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Cheap Lessons

John W. Pinkerton


We have all done something incredibly stupid…which didn't kill us or maim us.  After surviving the experience unharmed, we promised ourselves we would never  do that again.  I refer to this as a “cheap lesson.”

I think my earliest cheap lesson involved electricity.  I was about six years old; we had just moved to a different house where I awoke in the morning staring up at an empty socket of a light which was attached to the headboard.

I wondered what would happen if I stuck my finger into the empty socket.  After this brief thought, I, of course, stuck my finger in the socket.  I immediately regretted my decision and learned a cheap lesson: electricity has the capacity to hurt and/or kill.  The lesson was learned well and later in life when I wired our old house, not once did I shock myself.  Now, I blew up a lot of stuff, but never seriously shocked myself.

I think my second cheap lesson involved fireworks.  What I learned was that not all fuses are created equal.  After lighting and tossing a half dozen firecrackers successfully, one went off while I was still holding it.  My tossing timing had not changed, but the fuse's timing had.  Of course, it hurt like Hell, but I didn't lose any digits---cheap lesson.  That experience kinda put me off fireworks altogether, and I realized that the principle learned was “not-all-fuses-are-equal,” which, I realized, could also be applied to people.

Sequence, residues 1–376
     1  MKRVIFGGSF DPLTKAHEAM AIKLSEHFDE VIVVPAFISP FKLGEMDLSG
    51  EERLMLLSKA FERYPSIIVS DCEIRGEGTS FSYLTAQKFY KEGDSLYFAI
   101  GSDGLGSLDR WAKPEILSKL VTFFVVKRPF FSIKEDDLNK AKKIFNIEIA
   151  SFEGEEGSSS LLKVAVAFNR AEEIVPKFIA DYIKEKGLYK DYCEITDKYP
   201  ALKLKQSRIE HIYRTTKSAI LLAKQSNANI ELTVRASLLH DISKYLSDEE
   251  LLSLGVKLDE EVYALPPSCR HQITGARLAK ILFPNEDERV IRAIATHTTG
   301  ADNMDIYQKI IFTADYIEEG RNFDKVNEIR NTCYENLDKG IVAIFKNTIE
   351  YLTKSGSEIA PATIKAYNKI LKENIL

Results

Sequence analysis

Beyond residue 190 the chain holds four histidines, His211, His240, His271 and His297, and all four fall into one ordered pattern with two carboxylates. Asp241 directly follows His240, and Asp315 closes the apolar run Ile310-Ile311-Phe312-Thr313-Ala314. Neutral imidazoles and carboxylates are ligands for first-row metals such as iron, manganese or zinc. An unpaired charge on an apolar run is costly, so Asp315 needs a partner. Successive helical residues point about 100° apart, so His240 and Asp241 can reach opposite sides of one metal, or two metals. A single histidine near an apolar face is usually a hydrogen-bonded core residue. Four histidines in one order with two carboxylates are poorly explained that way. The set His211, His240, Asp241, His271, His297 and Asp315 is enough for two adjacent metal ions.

My third cheap lesson experience involved exploring under an old wooden bridge and my head.  After climbing under the bridge, I raised my head rapidly encountering total resistance from a bridge support.  I didn't pass out and although I may have lost a few brain cells, I survived the experience and learned that bumping one's head cannot only cause pain, it can also cause brain damage---cheap lesson…just a few brain cells.

All of these experiences occurred in my early elementary years, and I got better at projecting the results of my contemplated actions.

However, about the time I was seventeen, I decided to see if I could drive my dad's Mercury “120” miles per hour.  The motivation was that it was clearly printed on the speedometer: 120.  At 119 I felt the wheels and the wet highway slightly separate from their grasp on each other.  That was enough to cause me to immediately decelerate and contemplate what I had just done.  I never did it again, and have since this cheap  lesson, might be described as a cautious driver.

Now, of course, these aren't the only cheap lessons I learned in my early years, but we're not going to talk about some of the ridiculous things I've done.  Some are just off-limits.  A man deserves to have a few secrets.

As the years have passed, I judge that my ability to project the potential for disastrous results of my actions has improved, and, by the way, my physical movement becoming more slothful which I think has helped immensely.